Flight Papers

feminism and creativity, art, madness, and play

Archive for the ‘design’ Category

Vagrant Stories.

Friday, June 13th, 2008

You worked to realize an exceptional dream.

…Name the dream.

Your work violated the order.

…Name your crime.

The violation threatened powerful people or things.

…Name what and who you threatened.

You were punished for your crimes.

…Name the punishment.

Your dream was not destroyed, but changed.

…Say what you lost.

You work to realize an exceptional nightmare.

…Name the nightmare.

Through these trials, you have found:

A Heart, to tell the clean from the damned,

Your Heart is rooted in nightmare. Say what it is.

Claws, to ensnare the unworthy,

Your Claws take something that cannot be returned, or offer something that cannot be repaid. Name the thing.

Tongues to speak their true shapes,

Your Tongues grew in your punishment. Name the lie that they cannot say.

A Maw, to consume them.

Your Maw is lined with sharp teeth. Name the power you hold over those lesser than you.

Your name is not for you to decide. The others will name you.

Next up: the city.

Premise is easy, story is difficult.

Tuesday, May 6th, 2008

I was browsing the Exalted wiki*, and I came across this little piece,

It is generally going to be hard to understand anything I write if you assume that I balance things with CAN and CAN’T. I balance things with EASY and DIFFICULT.—Rebecca Borgstrom

She’s talking about Sidereal and Solar Charms, and how certain abstract restrictions on Sidereals are actually represented, subtly, in the Charm definitions in a way that makes some people go, “omgbroken.” (If you don’t understand any of that, don’t worry about it, it’s not really necessary to understand the point).

She’s taking an in-world perspective. Some things are hard for certain characters, some things are easy for certain characters. From this perspective, balance is making sure there are enough things that are easy for each character that no player feels like theirs is useless.

But let’s switch stances for a second and look at it from the outside: now, we’re not looking at characters, we’re looking at people playing a game. And standing in this frame, those things which are “difficult” are things that produce conflict. They produce spotlight time. Those things which are “easy” aren’t worthless—they dictate premise. If it’s explicitly easy for a character to tear the heads off a ten-thousand soldier army, well, you’ll probably develop stories which take that fact for granted and build from there. If it isn’t, you’ll develop stories which take something else for granted, and build from it. From this stance, balance is about making sure that everyone’s character has enough meat that they feel engaged with the stories.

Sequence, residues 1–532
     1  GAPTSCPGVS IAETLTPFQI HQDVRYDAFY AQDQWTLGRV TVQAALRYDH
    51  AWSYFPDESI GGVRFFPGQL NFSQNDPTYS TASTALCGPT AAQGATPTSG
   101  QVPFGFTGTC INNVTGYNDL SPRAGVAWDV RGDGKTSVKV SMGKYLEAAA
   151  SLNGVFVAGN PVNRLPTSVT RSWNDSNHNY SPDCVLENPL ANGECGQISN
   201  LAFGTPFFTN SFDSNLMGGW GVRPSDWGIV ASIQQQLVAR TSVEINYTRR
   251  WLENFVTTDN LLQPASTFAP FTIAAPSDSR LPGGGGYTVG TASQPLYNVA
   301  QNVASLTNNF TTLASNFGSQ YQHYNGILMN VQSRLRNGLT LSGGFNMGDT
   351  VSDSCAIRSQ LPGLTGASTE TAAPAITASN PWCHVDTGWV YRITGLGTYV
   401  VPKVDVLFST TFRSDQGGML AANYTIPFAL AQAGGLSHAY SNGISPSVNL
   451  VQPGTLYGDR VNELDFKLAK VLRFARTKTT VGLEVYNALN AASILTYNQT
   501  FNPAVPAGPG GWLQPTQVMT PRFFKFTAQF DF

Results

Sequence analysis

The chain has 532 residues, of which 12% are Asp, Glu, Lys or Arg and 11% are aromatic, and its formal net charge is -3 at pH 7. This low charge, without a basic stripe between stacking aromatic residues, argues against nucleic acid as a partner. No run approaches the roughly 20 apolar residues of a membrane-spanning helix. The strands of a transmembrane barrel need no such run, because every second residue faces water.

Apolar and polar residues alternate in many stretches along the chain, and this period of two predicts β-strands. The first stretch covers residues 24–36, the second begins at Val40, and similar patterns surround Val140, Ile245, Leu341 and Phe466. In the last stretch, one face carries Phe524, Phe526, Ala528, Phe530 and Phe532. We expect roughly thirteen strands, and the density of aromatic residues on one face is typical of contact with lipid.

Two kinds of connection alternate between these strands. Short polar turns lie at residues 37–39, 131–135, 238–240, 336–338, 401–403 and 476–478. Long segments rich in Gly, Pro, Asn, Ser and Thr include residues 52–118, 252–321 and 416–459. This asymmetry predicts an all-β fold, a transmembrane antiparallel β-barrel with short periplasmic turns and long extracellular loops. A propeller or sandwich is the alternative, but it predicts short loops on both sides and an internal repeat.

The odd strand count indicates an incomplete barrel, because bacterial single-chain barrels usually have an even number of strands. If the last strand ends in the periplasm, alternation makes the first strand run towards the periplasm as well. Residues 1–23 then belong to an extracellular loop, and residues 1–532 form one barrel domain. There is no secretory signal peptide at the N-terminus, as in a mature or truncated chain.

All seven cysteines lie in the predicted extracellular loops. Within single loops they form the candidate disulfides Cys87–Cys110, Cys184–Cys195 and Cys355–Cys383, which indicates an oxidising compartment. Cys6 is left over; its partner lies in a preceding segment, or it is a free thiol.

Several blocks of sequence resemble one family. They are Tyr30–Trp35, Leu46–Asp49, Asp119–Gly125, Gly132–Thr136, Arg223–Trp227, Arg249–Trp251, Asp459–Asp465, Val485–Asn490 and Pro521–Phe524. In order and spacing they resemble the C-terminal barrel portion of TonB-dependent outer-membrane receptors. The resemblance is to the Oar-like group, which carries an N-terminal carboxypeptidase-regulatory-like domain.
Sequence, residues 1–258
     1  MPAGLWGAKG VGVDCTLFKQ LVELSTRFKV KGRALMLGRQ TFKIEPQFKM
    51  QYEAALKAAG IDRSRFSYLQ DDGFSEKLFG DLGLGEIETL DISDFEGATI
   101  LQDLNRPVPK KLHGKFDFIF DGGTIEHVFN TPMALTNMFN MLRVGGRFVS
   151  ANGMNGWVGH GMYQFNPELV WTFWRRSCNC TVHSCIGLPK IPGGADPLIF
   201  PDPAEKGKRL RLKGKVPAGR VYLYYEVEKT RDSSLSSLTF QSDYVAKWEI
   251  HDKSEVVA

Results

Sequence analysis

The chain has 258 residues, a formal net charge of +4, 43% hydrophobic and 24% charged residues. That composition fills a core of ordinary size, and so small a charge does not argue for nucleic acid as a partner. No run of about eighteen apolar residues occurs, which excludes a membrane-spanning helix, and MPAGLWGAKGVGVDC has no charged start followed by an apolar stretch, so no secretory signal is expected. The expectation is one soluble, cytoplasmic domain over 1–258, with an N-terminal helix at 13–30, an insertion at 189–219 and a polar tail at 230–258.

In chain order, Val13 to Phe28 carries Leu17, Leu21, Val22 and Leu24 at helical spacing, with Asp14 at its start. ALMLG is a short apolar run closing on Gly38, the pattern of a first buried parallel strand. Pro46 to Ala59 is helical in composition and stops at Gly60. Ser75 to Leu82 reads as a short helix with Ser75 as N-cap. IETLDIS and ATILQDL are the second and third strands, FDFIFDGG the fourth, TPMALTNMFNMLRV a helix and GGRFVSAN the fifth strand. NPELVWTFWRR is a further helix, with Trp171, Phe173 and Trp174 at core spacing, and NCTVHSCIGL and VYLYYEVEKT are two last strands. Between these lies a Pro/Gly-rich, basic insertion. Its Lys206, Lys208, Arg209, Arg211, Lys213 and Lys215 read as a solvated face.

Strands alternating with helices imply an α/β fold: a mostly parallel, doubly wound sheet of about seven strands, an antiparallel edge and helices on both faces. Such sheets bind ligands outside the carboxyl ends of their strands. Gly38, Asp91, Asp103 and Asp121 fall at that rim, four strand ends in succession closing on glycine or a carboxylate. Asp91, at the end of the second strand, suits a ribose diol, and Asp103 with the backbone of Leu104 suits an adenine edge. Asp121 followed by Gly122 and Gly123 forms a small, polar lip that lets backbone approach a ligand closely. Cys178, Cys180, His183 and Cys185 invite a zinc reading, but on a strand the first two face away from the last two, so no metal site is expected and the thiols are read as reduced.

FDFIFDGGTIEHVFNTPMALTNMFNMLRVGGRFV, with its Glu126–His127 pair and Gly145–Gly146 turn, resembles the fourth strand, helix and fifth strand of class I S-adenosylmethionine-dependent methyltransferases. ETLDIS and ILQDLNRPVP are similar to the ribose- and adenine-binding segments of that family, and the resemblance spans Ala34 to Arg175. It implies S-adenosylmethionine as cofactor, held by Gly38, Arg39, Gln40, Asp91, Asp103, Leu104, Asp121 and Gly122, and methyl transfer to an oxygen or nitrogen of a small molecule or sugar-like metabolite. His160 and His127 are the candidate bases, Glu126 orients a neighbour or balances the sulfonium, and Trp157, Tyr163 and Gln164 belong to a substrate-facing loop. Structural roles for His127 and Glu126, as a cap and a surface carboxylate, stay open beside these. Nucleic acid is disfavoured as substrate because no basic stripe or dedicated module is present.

But you want characters to be good at the things they’re doing, right? Well, ah… no.

This is the superpower dilemma—if a character is good at a thing, the story will not be about that. House isn’t about medical diagnostics, and Buffy isn’t about killing vampires. Where this gets tricky is that players (and, let’s be fair, some writers) don’t always realize this. So they make characters who are good at the thing they want the story to be about, rather than the thing that will lead to their characters having trouble with the thing that the story is meant to be about, neatly short-circuiting the story.

It’s possible to do work to avoid this, mind. Shock: averts this by starting with the concept you want to address (Issues), and works backwards to world effects (Shocks), and then character traits (Praxis Scales and Features). This guarantees that there exists a vector between the protagonists’ qualities and kinds of issues you actually want to form the story. (Dogs does this a bit differently, with town creation and the hierarchy of sins. This definitely gives the GM [and Vincent Baker] a lot more power to define what issues get addressed.)

There’s a bit more subtlety here, too. I’m not exactly advocating that characters should be bad at the things they do—rather, the things characters do should have complications for them. If those complications stem from, “you’re an idiot,” then you have a particular brand of comedy. If they stem from the generally malicious nature of the universe, you have Hitchhiker’s Guide. If they stem from the confluence of particular institutional forces, you have a story about that (you can say that Serenity’s crew is just getting screwed over by the universe, but that ignores the bit where every obstacle they face is an artifact of the Alliance-imposed class system. The film makes this very explicit, directly addressing the Alliance as an adversary.)

* I wanted to see the second ed Sidereal charms, okay? DON’T JUDGE ME.

Twilight Thoughts.

Sunday, April 13th, 2008

I’m working up some more substantial posts on radicalism. And it’s CU’s Islam Awareness Week next week (is it just me, or does that name seem… not right? Don’t we usually have awareness weeks for, y’know, problems?) so I’ll have some stuff to blog about that when it comes up.